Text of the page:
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This is an article from today's Virginian-Pilot.

Beach having trouble digging up firm to dredge Rudee Inlet
By DEIRDRE FERNANDES, The Virginian-Pilot
© March 20, 2007 | Last updated 11:11 PM Mar. 19

VIRGINIA BEACH - How many attempts does it take to get a private company to dredge Rudee Inlet?

Six and counting.

The Army Corps of Engineers and city officials have been struggling since 2005 to find a company that will do an intense clearing of sand around the inlet.

The Corps, which oversees the project, closed the last bidding process for the project Feb. 6. No companies had responded.

"It's a challenging little project," said Phil Roehrs, the city's coastal engineer.

"It's a relatively small project.... It involves a risk because it's an open ocean inlet," he said.

City crews and the Corps have stepped in to make sure boaters don't get stuck because of shallow waters, Roehrs said.

The city's small dredge is doing some of the underwater clearing inside the jetty and the Dredge Currituck, the Corps' machine, is coming to the Beach in the next few weeks to do the heavier work before boating season starts, Roehrs said.

Recent improvements to the jetties and weirs, along with the absence of severe weather, also have helped keep the inlet clear, Roehrs said.

But Rudee Inlet, which is notorious for clogging up quickly and trapping boaters, eventually will need an intense dredge.

"We've been getting by for a couple of years," Roehrs said. "But I feel strongly that we need an ocean-class dredge. You can't depend on luck."

Ben Cottrell V, president of Chesapeake-based Cottrell Engineering Corp., agrees that the city needs an annual deep dredge.

However, Cottrell said his company, which has cleared Rudee Inlet before, isn't willing to take the job.

"You don't want to say no to the work, but you have to look at the risk," Cottrell said. "It was a business decision to do projects that were less risky and could produce a reasonable profit."

Cottrell Engineering was awarded the last bid on the dredge work in 2004 for more than $658,000.

T he cost of fuel and the size of the project have increased in recent years and the amount the federal government is willing to pay hasn't kept up, Cottrell said.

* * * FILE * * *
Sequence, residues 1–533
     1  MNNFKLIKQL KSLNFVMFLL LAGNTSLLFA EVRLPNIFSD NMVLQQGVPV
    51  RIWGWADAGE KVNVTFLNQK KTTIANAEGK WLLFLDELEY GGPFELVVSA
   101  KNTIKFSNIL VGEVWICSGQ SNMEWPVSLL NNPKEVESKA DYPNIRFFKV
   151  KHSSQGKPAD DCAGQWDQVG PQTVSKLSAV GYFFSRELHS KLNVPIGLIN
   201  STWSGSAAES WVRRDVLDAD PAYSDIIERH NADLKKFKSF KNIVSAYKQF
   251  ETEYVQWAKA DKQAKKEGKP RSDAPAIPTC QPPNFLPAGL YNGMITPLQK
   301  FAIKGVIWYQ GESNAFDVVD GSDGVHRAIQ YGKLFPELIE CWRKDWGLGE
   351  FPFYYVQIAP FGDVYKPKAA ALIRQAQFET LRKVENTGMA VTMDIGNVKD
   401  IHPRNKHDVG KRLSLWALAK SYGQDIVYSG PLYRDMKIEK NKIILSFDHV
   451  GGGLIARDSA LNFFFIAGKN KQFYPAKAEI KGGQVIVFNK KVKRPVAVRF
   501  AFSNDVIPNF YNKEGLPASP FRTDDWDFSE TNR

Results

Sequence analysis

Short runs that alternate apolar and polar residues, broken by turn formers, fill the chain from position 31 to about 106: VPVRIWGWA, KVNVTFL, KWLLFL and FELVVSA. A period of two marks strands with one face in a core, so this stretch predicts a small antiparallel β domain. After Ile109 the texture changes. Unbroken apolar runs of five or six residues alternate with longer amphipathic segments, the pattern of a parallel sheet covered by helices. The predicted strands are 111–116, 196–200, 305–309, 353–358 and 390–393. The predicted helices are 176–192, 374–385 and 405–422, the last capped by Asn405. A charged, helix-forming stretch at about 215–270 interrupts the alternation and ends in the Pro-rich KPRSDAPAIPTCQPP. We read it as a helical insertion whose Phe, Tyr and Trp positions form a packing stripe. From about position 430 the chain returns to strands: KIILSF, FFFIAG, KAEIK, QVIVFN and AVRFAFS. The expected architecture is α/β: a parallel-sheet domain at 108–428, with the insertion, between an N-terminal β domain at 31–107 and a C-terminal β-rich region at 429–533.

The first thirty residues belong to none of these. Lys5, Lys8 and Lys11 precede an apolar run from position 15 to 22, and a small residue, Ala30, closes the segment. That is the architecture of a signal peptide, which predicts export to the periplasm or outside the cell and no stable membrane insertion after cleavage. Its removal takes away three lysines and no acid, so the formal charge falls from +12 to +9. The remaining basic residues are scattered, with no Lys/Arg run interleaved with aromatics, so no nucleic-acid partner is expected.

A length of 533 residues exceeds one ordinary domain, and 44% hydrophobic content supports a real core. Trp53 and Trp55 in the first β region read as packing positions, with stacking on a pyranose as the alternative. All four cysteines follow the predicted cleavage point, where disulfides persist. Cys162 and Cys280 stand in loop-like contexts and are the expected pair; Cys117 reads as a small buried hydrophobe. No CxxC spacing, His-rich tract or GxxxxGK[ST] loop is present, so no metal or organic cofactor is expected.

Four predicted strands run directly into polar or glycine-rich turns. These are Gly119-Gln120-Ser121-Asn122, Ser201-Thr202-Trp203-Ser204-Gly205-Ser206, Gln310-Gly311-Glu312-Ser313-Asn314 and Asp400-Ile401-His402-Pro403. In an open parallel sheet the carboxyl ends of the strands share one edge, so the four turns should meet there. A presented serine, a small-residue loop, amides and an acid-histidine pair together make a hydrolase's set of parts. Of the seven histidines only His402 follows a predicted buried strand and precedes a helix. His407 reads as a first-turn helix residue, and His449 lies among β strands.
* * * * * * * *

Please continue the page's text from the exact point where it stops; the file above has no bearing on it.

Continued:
The work now costs more than $1 million, he estimates.

After receiving complaints from Lake Wesley residents, city officials have placed limits on the storage of barges and cranes there during the month-long project, Cottrell said.

That makes it more difficult for contractors to bring their equipment to the site, Cottrell said.

The Corps and city leaders are looking for other solutions, said Gregg Williams, a project engineer with the Corps.

The city has eased some of the restrictions for Lake Wesley storage. The Corps is considering bringing in its own dredge more often and creating an offshore deposition basin.

For Virginia Beach, ensuring that Rudee Inlet remains clear is critical.

City officials have been sued over sand buildup in the inlet.

In 1996, a $1 million yacht ran aground in the inlet and broke apart.

The owner sued Virginia Beach and was awarded $335,505 in damages because a federal judge said the city should have warned the marina that the inlet hadn't been dredged in six weeks.

• Reach Deirdre Fernandes at (757) 222-5121 or [email protected].


2,497 Posts
Why not keep extending the jetties outwards until they are in a deeper water area? I would think that if you built the jetties far enough out, perhaps another half mile or so, they would have to be dredged much less. Instead of having a constant problem, why not spend a little more money and make a permanent fix? Another inlet that I can think of that had the same problem is the St. John River in Fla near Jacksonville. That jetty there seems to go on forever and the several times I have been there, it has always had deep water and never seen a dredge there. If you build a jetty thats wide and long with a narrow opening, the tides will keep the thing dredged all by themselves.

Also, the last time I came in around dark a couple weeks ago, the red marker buoy outside rudee needed a new light. It didn't work.
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